I Am More Than My Diagnosis
October 15, 2015
My name is Aina, and this is my story.
Growing up in my community, we ignored behaviors and people seen as “crazy.” Without nuance, anyone with an emotional or mental health issue was lumped into one category – an inhuman category labeled “it.” As in, “That’s it alright. That’s crazy,” when confronted with one of the people who talked to himself in the middle of the street. I remember being pulled away, as if the “it” was contagious or to be feared like the zombie plague.
So early in life, I decided to act in a way that was the exact opposite of the dreaded “it.” I would give the people what they want. I would smile, dance and keep them laughing. That approach to life and relationships led me to the very thing I was trying to avoid.
But back then I didn’t know all that. I just knew that smiling was better than crying. Crying was unacceptable. Instead I found another way to express my pain.
At eight years old, I have my first memories of cutting to release my pain.
This was my secret thing, where I could do whatever I wanted in private without anyone to judge. I would go into the bathroom, retrieve my hidden blade, and pierce my skin just enough to…release. As the blood began to flow, I felt the pain slip away.
By the time I was 15, I was a pro – I knew just the right angle and depth. I graduated to my legs so my arms could heal.
Cutting was not an attempt to kill myself. Cutting relieved my pent up anger or sadness.
I didn’t want attention; I just wanted to feel something different. But it was always temporary. Days later, I would look at myself naked in the mirror and cry because I had made myself even more ugly.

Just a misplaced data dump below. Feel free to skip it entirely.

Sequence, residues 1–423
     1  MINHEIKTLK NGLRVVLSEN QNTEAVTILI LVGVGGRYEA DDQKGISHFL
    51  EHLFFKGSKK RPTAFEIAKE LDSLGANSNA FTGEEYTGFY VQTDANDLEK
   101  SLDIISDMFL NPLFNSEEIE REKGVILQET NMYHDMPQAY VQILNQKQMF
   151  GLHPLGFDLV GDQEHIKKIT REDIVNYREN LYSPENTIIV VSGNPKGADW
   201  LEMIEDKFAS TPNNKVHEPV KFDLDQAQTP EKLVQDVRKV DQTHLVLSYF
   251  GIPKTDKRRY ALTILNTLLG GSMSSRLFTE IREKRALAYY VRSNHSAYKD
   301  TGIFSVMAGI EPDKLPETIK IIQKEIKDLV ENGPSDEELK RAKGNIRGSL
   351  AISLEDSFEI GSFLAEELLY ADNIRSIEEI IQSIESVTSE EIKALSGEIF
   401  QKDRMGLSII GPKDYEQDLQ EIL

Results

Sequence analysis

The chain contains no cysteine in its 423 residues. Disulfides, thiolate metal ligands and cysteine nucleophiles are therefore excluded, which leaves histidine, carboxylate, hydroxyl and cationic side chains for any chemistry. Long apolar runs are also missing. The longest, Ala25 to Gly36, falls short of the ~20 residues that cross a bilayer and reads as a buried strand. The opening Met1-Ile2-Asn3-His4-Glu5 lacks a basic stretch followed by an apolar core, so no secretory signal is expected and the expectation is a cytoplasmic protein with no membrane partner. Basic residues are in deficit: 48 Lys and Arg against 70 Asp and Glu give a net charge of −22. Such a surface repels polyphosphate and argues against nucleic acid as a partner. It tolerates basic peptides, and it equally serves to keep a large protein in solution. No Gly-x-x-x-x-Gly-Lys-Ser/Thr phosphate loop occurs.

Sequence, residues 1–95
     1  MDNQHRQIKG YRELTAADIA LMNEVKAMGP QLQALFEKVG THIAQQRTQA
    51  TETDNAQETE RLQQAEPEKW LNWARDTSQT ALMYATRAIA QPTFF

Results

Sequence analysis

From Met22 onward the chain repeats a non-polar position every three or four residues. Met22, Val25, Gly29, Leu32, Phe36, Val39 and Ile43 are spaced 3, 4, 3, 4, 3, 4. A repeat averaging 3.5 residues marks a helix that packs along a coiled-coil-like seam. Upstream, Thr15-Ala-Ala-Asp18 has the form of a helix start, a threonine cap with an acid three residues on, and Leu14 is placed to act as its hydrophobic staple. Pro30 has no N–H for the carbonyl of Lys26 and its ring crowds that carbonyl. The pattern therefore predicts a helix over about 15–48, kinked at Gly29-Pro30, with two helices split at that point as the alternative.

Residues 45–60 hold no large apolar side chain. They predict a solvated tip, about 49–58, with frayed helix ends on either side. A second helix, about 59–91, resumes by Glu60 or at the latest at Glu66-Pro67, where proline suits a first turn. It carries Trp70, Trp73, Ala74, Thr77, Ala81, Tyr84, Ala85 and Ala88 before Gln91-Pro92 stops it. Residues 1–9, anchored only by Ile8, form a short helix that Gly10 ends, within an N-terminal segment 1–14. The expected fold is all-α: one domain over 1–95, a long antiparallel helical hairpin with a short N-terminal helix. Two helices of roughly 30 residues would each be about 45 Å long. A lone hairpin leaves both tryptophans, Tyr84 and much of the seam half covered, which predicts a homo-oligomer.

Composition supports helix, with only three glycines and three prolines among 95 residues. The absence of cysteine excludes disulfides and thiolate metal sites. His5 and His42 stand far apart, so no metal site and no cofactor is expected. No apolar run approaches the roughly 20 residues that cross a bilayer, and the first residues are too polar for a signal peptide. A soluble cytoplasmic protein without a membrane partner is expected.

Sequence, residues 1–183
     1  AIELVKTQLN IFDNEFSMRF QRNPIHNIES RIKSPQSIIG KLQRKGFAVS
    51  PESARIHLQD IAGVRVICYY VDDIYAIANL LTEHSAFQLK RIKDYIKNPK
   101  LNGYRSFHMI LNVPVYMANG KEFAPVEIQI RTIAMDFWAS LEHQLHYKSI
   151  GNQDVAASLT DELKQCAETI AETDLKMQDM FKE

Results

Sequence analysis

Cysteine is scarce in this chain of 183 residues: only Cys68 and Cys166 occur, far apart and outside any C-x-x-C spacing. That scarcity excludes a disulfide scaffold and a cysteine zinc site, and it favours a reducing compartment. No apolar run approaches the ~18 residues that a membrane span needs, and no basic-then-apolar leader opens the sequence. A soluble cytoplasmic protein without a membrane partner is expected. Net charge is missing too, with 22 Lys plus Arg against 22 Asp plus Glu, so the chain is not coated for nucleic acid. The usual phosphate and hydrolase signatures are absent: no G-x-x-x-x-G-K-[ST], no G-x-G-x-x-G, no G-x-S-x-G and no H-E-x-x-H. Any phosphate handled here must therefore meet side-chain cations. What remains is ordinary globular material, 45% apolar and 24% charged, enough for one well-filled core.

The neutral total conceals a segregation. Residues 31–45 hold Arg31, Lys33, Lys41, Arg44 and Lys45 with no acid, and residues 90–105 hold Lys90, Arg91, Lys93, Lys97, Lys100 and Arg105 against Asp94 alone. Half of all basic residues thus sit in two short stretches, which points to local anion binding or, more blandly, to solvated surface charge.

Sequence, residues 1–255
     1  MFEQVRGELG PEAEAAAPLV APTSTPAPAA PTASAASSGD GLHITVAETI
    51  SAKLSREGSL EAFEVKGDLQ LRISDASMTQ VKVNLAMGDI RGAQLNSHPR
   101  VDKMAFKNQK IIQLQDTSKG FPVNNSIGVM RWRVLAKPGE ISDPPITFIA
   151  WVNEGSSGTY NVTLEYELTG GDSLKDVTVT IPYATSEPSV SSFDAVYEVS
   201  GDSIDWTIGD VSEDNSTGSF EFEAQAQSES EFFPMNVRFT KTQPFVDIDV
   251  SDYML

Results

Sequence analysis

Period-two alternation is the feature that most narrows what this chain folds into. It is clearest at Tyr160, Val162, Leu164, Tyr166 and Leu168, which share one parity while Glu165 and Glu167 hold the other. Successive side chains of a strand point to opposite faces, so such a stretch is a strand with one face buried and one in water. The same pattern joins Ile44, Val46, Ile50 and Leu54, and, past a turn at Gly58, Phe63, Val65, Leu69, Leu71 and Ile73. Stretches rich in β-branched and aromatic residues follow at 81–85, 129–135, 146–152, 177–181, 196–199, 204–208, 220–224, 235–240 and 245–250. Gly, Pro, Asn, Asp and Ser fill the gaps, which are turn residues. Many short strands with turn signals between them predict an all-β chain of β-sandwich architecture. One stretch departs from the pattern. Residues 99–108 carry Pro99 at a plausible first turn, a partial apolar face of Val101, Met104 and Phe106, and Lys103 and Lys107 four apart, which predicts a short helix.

Most teens struggle with body image, but I struggled with being a girl with a dark complexion. A stigma has always existed in the black community about being “too dark”, but in the late 80s to mid 90s it was heavily televised. And for my generation, if it was on television, it was truth. So being teased with, “You so ugly, you so black,” shaped my image of beauty and self-worth.
My mother was light-skinned. She also was extremely intelligent, driven, witty and beautiful, and everyone loved being around her. My “friends” would say, “That’s your mother?! Oh she’s beautiful.” I always heard the silently implied follow-up question, “So how
did you get so ugly?” But I was funny!
Then my mother became the parent liaison for my high school and the director of my afterschool program. It was too much. But as my mother’s daughter, I had friends by association. Or so I thought. In reality – between the people kissing up to my mom to avoid reprimand and the people who hated my mom (and me) because they had already been reprimanded – none of these relationships had anything to do with me. And every time I was confronted with this reality, I needed to release some tension.
Sometimes cutting worked. When it didn’t, my mind wandered off into experiments of permanent solutions. I still thought I was totally living under the radar, that no one could see my “crazy” or my scars.
Honestly I thought those trips to the therapist were because my mom and I occasionally got into spats. I didn’t know any better because I wasn’t included.
My mother and the therapist would talk behind the closed door, and I waited in the lobby. Then they would invite me in, the therapist would ask me some really random questions, and we would go home.
Sometimes my whole family would have meetings about me. Thinking I was in trouble, I stayed away. I never imagined my family would be talking about my mental health. I thought I was tricking everyone. I was living the minstrel show – how would they notice my scars? And they never involved ME.